Here is a compelling argument about the one aspect of Michelle Obama’s speech that really did stand out. It’s from one of Andrew Sullivan’s readers:
I am a 36 year old African American woman. I have two girls ages 10 and 8. The country does not get the full import of this moment. My daughters and I sat together along with my husband to watch Michelle Obama tonight. Mr. Sullivan, we were all in tears. This is a day that cannot be fully described. This country has systematically oppressed Black women for centuries. My ancestors were slaves and my great, great, great, grandmothers raped and treated as property. My daughters have very few Black women to look up to in popular culture as role models. They do not feel seen, they are not held up as the standards of American beauty. We shed tears tonight as a family because Michelle (with her elegance and grace) is holding all of us up with her. You don’t understand the burden that she bears.
This was the one part of Michelle’s speech that did get to me the other night. The tales of wonderful and hard working parents instilling “American values” on their children don’t move me; I’ve simply heard it too many times, and what politician doesn’t tell the same story? But when she noted the crossroads of two important anniversaries — women getting the right to vote 80 years ago and Martin Luther King Jr delivering his “I have a dream” speech 45 years to the day before her husband accepts the nomination on Thursday — that was powerful.
The reader aimed her words at Sullivan but they could have been aimed at me as well. And she’s right, I can’t possibly understand how this feels to her; I’m a white, straight, middle class male with all the attendant privileges that come with that. But I can still recognize the importance of Obama’s nomination in general, the change it both symbolizes and promises. And as someone who cannot listen to that King speech without tears, I’m not immune to having my emotions moved — they just aren’t moved by canned stories. But that part of her speech was not canned, nor was it a platitude. That part was personal and unique; what other possible first lady could be a symbol of the importance of those two events the way Michelle Obama most certainly is?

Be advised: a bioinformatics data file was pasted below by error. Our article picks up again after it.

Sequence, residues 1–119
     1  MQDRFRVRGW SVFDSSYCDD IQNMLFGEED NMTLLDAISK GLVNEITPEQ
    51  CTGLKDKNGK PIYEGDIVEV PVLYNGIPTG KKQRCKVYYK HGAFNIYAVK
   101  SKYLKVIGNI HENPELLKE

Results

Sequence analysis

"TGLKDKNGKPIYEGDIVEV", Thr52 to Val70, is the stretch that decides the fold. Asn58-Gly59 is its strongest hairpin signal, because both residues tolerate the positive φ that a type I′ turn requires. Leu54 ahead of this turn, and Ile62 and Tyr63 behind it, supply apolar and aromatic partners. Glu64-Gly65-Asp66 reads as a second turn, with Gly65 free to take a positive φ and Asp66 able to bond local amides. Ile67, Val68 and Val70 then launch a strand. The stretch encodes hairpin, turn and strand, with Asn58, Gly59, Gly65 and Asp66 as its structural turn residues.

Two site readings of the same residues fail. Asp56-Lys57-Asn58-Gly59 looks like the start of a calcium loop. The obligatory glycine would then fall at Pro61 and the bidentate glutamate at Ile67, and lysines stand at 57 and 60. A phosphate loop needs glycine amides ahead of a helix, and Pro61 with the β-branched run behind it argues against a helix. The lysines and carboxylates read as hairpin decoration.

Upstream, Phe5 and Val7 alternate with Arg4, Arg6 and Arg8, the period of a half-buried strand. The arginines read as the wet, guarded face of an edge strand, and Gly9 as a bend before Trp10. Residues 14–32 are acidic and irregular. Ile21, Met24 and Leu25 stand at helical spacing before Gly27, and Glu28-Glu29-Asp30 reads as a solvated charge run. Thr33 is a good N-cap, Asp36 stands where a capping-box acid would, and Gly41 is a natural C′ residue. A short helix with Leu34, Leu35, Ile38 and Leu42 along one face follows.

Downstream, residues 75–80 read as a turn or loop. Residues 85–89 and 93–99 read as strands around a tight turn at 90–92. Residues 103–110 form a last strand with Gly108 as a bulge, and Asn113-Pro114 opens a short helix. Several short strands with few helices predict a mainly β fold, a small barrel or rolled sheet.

As I’ve said many times, the dominant theme in American history to me is the story of progress toward making the promises of the Declaration of Independence a reality for those who were initially denied the freedom and equality that document so eloquently called for. Martin Luther King brilliantly employed the language of the Declaration, calling it a promissory note that was now due. The progress toward that reality has been slow and halting. It has cost the blood of a great many brave people to extend those promises where they should have applied right from the start — first for women, then for blacks and now, inevitably, for gays and lesbians as well. And I do understand, as best I can at least, the power of both Obamas as symbols of that progress and what it represents for so many.